Baby girl due soon will be minus breast cancer causing gene
A newly published genome sequence of a breast cancer cell line reveals a heavily rearranged genetic blueprint involving breaks and fusions of genes and a broken DNA repair machinery, said researchers at Baylor College of Medicine in a report that appears online in the journal Genome Research. “It’s like a computer program that has become
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A baby girl about to be born in Britain will be the first to have been screened for a breast cancer causing gene.
The baby’s mother, is due to give birth soon to the first British baby to have been screened to be free of a gene which can cause breast cancer.
The baby’s parents decided to undergo the genetic screening because women in three generations of the man’s family had been diagnosed with the disease in their 20’s and any daughter born to the couple with the gene would have had a 50 to 80% chance of developing a certain breast cancer - the screening has prevented this happening.
The screening process ‘pre-implantation genetic diagnosis’ (PGD) involves taking a cell from an embryo at the eight-cell stage of development at around three-days old and testing it to guarantee that it does not have an altered gene.
PGD is already well-established practice for inherited diseases such as cystic fibrosis but experts warn the technique would not be suitable for everyone who has experience of breast cancer in their family.
In 2006, the Human Fertilisation and Embryology Authority allowed doctors to test for susceptibility genes, such as BRCA1 - though everyone carries a version of these genes, some particular variations of the genes greatly increase the risk of cancer.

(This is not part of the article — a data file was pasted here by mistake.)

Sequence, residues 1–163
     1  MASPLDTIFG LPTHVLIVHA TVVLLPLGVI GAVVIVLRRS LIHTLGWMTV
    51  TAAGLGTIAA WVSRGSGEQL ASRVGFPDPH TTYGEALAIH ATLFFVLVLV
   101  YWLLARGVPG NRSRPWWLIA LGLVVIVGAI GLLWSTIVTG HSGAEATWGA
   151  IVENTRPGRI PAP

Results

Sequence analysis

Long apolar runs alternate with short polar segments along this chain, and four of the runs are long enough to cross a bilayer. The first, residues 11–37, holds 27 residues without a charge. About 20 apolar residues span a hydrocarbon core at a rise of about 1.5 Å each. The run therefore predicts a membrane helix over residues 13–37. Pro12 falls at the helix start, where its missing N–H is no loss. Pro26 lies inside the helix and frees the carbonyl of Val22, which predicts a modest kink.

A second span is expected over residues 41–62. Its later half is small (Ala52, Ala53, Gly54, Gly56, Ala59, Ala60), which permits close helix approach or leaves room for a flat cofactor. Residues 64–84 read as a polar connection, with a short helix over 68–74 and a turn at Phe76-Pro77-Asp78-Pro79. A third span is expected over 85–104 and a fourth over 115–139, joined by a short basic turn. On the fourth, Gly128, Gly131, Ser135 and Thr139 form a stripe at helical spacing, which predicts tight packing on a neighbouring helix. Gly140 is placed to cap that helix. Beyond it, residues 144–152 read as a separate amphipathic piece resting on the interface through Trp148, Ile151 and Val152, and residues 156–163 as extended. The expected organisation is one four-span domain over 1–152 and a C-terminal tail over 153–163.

Carrying the key BRCA1 mutation in this family’s case would have given up to an 80% chance of developing breast cancer later in life - BRCA1 and a related version of another gene, BRCA2, account for around 5% of all breast cancers.
However not carrying an altered BRCA1 gene does not guarantee any daughter born to the couple would be unaffected by breast cancer because there are other genetic and environmental causes of the disease.
Many women who discover they have inherited one of the gene mutations choose to have a double mastectomy to remove their breasts.
The couple, who have chosen to remain anonymous, want to eradicate the gene flaw from their family as the husband’s grandmother, mother, sister and a cousin have been diagnosed with the disease and while a daughter could have been affected by breast cancer herself if she carried the altered gene, a son could have been a carrier and passed it on to any daughters.
Fertility experts say the process stops the transmission from generation to generation and in future it may be possible to screen for any mutated gene which had been linked to a specific cancer.
Critics say it is possibly the first step towards ‘designer babies’.
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Women who have a strong family history of breast cancer are over four times more likely to develop the disease than the general population, according to research published in the British Journal of Cancer. This is the first time the risk for women who do not have a faulty BRCA gene but have one first-degree
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A Newcastle University study involving thousands of families is helping prospective parents work out whether they are likely to have sons or daughters. The work by Corry Gellatly, a research scientist at the university, has shown that men inherit a tendency to have more sons or more daughters from their parents. This means that a
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A new technique to study genetic changes that can lead to breast cancer could be one step closer. The University of Nottingham has received £15,000 from the charity Breast Cancer Campaign to fill in one of the research gaps identified by the country’s top breast cancer experts in a recent study carried out by the
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